Chinese EV Manufacturer NIO To Halt Production And Increase Prices

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Chinese electric vehicle maker NIO Inc (NYSE:NIO) announced it will stop production and hike car prices over the current Covid wave in the country and supply chain constraints.

Halting Production

As reported by CNBC, NIO’s shares listed in Hong Kong dropped by almost 9% upon the Sunday announcement, while the price increase is bound to dent consumer adoption in key markets.

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Three SUV models by the Chinese firm will be subjected to a $1,572 increase, the ES8, ES6, and EC6 as of May 10. However, NIO will not raise the price of the ET7 and ET5 sedans –which recently debuted in the market.

CEO William Li said that the move follows soaring prices of raw battery materials, with no relief in the coming months.

A translated statement read: “Originally [we] thought we could bear it, but now with this pandemic it’s even harder to bear. We have no alternative but to raise prices. Please be understanding.”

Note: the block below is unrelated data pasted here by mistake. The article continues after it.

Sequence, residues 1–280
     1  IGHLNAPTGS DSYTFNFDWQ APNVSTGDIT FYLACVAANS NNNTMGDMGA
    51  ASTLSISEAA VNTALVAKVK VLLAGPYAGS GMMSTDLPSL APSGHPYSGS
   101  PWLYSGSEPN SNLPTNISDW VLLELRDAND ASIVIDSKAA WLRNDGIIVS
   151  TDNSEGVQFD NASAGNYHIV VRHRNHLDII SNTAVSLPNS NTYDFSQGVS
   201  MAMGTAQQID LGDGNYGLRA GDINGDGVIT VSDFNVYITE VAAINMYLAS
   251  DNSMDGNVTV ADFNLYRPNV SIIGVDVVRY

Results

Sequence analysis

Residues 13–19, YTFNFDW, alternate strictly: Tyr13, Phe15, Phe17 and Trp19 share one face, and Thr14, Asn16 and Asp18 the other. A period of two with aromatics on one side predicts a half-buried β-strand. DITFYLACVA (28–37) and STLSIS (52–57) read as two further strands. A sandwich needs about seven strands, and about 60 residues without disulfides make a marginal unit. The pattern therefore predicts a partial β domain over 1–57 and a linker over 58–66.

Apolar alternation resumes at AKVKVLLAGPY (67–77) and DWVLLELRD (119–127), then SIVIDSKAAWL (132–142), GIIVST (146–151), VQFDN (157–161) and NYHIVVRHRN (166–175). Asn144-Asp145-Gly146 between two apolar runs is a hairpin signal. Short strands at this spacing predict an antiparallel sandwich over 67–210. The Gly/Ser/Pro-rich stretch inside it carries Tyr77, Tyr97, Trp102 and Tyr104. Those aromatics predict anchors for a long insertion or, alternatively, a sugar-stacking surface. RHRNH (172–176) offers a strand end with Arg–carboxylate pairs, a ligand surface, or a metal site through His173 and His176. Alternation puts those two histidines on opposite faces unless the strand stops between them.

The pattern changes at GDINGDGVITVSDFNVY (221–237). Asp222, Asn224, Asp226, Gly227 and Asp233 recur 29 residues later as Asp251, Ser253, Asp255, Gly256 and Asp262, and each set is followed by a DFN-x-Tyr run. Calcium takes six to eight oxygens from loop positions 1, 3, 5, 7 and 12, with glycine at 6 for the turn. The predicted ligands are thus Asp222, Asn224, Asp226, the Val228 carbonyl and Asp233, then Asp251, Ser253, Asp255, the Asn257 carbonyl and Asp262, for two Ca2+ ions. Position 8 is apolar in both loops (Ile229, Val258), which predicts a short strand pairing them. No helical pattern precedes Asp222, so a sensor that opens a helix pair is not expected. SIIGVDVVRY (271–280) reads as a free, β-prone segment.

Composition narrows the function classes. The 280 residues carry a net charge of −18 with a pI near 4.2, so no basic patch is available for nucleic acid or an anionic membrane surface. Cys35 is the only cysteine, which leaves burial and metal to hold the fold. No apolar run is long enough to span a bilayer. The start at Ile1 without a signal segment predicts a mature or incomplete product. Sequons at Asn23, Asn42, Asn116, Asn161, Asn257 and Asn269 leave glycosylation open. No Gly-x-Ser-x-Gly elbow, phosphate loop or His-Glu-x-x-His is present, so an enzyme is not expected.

On Saturday, the company reported it had suspended production due to China’s current COVID-19 wave, which has triggered restrictions that are affecting suppliers’ facilities.

Skyrocketing Prices

Li asserted, “Due to the impact of Covid on Changchun and Hebei, the supply of some of our auto parts has been cut off since mid-March,” while also revealing the company had relied on car parts inventory until the previous week.

Other Chinese EV makers have raised prices such as Xpeng Inc (NYSE:XPEV) and Li Auto Inc (HKG:2015), by 20,000 yuan and 11,800 yuan, respectively. Hikes follow the steps of bigger manufacturers in the country such as Tesla Inc (NASDAQ:TSLA), BYD Ord Shs A (SHE:002594), and WM Motors.

The 400% year-on-year increase in the price of lithium and volatility in Nickel prices are the main cause as both affect the cost of batteries.

Bill Russo, CEO at Shanghai-based Automobility Limited, told CNBC: “Mid-level and entry-level brands are probably going to have some challenges of passing along … the cost increases to the market. So they’re going to either absorb a lower margin or they’re going to have to take certain products down.”